So that my individualism is really an illusion. I am part of the great whole, and I can never escape. But I can deny my connections, break them, and become a fragment. Then I am wretched.
What we want is to destroy our false, inorganic connections, especially those related to money, and re-establish the living organic connections with the cosmos, the sun and earth, with mankind and nation and family. Start with the sun, and the rest will slowly, slowly happen.
Elsewhere, in his essay on New Mexico, Lawrence describes his encounter with the religion of the Native Americans where he has one of his first experiences that he calls “religious”. He describes the Native American religion as an example of this organic connection to the cosmos:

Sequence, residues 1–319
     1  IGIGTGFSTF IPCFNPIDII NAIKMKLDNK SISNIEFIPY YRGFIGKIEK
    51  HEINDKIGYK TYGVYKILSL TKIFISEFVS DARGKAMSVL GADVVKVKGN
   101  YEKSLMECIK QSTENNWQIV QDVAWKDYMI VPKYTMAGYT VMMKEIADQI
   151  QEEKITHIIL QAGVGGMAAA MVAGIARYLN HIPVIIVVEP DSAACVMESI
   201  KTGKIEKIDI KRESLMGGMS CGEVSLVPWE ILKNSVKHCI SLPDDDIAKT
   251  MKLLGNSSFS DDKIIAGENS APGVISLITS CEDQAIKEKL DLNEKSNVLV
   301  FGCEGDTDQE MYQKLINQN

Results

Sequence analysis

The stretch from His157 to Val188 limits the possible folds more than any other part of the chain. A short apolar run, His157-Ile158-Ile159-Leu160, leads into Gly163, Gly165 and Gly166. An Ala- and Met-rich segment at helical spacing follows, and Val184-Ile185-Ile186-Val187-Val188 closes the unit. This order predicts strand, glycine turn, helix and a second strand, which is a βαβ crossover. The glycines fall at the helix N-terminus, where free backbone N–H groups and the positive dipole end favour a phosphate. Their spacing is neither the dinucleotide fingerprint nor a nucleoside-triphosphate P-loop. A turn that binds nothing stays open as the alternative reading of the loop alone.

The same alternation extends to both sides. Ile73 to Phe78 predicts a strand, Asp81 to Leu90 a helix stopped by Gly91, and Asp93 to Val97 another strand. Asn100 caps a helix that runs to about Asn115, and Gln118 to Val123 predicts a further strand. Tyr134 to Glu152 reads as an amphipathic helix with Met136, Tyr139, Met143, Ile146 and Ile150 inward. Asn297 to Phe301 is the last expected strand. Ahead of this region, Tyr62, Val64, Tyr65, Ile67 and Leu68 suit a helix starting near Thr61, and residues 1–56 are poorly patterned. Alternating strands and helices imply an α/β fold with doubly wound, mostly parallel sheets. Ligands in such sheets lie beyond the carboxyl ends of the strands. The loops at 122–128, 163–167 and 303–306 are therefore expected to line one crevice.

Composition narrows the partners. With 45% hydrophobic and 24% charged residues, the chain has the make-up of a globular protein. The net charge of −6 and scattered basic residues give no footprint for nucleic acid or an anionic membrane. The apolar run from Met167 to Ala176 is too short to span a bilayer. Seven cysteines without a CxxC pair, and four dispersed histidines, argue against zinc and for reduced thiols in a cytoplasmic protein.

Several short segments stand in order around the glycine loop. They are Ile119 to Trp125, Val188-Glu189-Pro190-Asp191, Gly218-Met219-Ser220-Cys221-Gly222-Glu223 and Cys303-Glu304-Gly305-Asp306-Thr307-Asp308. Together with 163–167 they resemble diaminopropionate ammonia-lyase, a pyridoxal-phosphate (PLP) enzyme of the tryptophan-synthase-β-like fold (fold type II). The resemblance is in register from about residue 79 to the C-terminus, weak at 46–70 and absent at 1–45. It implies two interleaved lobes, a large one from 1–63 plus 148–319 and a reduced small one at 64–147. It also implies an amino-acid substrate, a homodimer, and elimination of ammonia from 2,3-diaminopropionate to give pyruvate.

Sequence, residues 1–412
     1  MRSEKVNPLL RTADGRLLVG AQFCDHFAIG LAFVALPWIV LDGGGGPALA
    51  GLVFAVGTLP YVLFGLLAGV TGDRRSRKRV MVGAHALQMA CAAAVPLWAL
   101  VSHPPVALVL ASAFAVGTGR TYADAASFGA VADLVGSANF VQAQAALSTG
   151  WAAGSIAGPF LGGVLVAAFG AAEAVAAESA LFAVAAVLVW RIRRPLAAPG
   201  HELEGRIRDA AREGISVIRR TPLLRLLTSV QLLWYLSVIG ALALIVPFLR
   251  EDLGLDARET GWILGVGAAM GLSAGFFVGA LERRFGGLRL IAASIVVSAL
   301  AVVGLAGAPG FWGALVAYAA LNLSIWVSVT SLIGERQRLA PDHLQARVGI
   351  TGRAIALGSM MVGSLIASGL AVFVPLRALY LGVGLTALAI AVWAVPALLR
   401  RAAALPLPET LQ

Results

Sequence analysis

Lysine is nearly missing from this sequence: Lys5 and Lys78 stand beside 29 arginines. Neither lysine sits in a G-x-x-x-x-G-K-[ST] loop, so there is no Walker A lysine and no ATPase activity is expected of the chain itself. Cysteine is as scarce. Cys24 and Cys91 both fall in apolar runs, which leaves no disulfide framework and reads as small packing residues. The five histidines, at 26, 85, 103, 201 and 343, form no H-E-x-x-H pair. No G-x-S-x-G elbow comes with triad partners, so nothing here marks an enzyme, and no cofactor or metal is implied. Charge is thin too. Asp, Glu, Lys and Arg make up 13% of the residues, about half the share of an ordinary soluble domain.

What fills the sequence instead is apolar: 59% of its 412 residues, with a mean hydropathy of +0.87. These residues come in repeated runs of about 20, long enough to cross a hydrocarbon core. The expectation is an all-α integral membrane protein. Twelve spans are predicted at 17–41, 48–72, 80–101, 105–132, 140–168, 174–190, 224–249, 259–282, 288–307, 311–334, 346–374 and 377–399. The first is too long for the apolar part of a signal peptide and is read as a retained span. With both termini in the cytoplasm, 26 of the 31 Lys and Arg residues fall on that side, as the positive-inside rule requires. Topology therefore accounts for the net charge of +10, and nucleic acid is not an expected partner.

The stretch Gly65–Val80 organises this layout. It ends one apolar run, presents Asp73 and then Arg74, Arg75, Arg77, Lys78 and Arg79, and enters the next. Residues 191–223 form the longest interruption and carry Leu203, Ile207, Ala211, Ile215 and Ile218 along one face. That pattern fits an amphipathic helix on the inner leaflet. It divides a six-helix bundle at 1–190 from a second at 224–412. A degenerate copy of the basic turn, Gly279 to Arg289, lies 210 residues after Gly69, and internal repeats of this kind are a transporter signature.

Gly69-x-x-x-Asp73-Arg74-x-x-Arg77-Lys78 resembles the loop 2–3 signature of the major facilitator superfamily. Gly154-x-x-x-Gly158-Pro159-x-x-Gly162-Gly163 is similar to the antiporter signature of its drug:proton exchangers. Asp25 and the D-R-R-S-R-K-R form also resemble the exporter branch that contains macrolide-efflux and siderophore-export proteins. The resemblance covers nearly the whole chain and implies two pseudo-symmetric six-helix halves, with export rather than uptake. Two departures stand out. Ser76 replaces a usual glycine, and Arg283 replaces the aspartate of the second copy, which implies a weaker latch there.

It was a vast old religion, greater than anything we know: more starkly and nakedly religious. There is no God, no conception of a god. All is god. But it is not the pantheism we are accustomed to, which expresses itself as “God is everywhere, God is in everything.” In the oldest religion, everything was alive, not supernaturally but naturally alove. There were only deeper and deeper streams of life, vibrations of life more and more vast. So rocks were alive, but a mountain had a deeper, vaster life than a rock, and it was much harder for a man to bring his spirit, or his energy, into contact with the life of a mountain, and so he drew strength from the mountain, as from a great standing well of life, than it was to come into contact with the rock. And he had to put forth a grear religious effort. For the whole life-effort of man was to get his life into contact with the elemental life of the cosmos. mountain-life, cloud-life, thunder-life, air-life, earth-life, sun-life. To come into the immediate felt contact, and so derive energy, power, and a dark sort of joy. This effort into sheer naked contact, without an intermediary or mediator, is the root meaning of religion, and at the sacred races the runners hurled themselves into a terrible cumulative effort, through the air, to come at last into naked contact with the very life of air, which is the life of the clouds, and so of the rain.